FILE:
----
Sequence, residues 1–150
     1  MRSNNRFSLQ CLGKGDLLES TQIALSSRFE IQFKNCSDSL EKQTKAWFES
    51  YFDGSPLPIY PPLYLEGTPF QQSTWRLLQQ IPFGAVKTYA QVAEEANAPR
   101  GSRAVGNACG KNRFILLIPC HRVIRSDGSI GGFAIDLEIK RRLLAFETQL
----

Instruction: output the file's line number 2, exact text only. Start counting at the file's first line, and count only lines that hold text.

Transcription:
     1  MRSNNRFSLQ CLGKGDLLES TQIALSSRFE IQFKNCSDSL EKQTKAWFES